Corporal works of mercy (preview)

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Corporal Works of Mercy Mercy in Action

by Mgr Richard Atherton

All booklets are published thanks to the generous support of the members of the Catholic Truth Society


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publishers to the holy see

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Contents Mercy in Action . . . . . . . . . . . . . . . . . . . . . . . . . . . . . . . 3 “Whatever you did to the least of my brethren…” . . . . 10 Feed the Hungry & Give Drink to the Thirsty . . . . . . . 18 Clothe the Naked & House the Homeless . . . . . . . . . . . 22 Visit the Imprisoned & Visit the Sick . . . . . . . . . . . . . . 26 Bury the Dead . . . . . . . . . . . . . . . . . . . . . . . . . . . . . . . . 32 The Spirituality of the Seven . . . . . . . . . . . . . . . . . . . . 39 Endnotes . . . . . . . . . . . . . . . . . . . . . . . . . . . . . . . . . . . . 44

All rights reserved. First published 2015 by The Incorporated Catholic Truth Society, 40-46 Harleyford Road London SE11 5AY Tel: 020 7640 0042 Fax: 020 7640 0046. © 2015 The Incorporated Catholic Truth Society.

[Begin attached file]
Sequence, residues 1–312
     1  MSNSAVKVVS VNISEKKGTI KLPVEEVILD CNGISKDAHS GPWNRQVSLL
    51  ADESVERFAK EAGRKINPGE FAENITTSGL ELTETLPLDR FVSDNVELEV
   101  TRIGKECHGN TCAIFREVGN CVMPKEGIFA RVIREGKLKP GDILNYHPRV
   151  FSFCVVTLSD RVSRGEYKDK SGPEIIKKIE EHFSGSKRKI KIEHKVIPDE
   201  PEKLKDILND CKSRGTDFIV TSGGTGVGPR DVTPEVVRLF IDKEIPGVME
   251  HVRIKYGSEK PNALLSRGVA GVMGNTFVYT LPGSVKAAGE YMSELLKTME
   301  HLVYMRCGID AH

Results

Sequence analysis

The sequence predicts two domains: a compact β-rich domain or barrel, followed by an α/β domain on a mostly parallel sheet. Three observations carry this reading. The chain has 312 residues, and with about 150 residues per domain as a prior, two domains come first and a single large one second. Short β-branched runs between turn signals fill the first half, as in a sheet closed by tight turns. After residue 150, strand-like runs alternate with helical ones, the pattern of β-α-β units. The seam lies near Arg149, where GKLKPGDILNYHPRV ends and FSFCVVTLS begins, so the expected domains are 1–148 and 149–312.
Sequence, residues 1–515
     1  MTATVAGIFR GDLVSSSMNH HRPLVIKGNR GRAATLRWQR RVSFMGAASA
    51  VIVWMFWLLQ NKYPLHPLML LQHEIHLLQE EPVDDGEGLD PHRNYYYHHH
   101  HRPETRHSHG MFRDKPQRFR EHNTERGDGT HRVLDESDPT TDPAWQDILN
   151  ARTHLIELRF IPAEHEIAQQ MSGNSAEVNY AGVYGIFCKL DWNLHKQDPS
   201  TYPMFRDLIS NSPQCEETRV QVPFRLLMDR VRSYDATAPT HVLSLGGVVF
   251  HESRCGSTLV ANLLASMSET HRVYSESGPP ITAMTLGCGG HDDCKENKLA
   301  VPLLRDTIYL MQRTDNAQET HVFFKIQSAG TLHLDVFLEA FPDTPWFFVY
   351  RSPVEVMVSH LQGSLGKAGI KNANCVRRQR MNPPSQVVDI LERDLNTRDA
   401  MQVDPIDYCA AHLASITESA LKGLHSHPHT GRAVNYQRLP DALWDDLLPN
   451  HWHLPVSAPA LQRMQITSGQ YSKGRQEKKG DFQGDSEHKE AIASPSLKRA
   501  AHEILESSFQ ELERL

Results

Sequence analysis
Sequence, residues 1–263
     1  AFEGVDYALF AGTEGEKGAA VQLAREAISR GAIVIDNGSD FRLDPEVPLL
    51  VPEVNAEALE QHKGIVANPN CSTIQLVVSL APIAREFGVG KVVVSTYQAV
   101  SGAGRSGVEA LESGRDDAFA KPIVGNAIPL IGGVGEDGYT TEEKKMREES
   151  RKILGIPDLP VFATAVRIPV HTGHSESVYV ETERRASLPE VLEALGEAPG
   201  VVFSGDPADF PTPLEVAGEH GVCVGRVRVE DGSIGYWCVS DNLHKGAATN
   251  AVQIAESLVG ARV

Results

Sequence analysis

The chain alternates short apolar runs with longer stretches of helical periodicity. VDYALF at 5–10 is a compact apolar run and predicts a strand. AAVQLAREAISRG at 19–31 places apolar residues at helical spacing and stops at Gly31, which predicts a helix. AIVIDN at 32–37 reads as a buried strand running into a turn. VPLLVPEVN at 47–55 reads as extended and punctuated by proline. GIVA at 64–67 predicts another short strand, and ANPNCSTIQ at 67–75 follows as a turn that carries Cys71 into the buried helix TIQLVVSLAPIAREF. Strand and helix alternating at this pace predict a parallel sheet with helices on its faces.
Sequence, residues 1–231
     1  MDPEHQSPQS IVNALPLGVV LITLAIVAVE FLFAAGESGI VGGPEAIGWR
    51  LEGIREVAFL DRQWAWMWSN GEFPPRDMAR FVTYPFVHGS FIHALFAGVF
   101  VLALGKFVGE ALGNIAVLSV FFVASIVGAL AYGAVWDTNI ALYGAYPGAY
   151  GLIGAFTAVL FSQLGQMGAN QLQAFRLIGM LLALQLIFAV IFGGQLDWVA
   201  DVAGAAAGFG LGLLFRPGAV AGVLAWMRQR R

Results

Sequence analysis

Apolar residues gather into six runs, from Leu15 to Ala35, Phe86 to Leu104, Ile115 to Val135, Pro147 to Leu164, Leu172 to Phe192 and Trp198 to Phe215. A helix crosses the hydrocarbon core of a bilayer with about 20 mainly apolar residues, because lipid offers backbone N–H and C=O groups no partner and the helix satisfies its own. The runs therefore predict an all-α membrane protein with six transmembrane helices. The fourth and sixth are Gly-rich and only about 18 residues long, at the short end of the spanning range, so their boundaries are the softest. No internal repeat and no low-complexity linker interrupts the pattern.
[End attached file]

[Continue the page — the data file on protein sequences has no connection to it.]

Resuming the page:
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ISBN 978 1 78469 080 9

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Mercy in Action I do not think there is a Gospel phrase which has made a deeper impression on me…than this one: “Insofar as you did this to one of the least of these brothers of mine, you did it to me”. One has only to think that these words were spoken by the uncreated Truth, who also said, “this is my body…this is my blood”.1 The kindly American In spring 1986 two grey-haired men met and greeted each other warmly. Their last meeting had been forty years earlier. Then they had met as enemies. Then their meeting had been in a dark cave in Okinawa. Now they met in the bright lights of Tokyo’s International Airport. And this time they met as friends. One was Japanese, Ishibasi, the other an American, a former sergeant, Ponich. In 1946 in the mouth of a cave in Okinawa, Ponich was holding a young Japanese boy in his arms; the five-year-old youngster had been shot through both legs. When Ishibasi and his colleague, both of them snipers, suddenly leaped out of the dark recesses of the cave where they’d been hiding and confronted the American with guns raised and about to fire, the situation seemed hopeless. But Ponich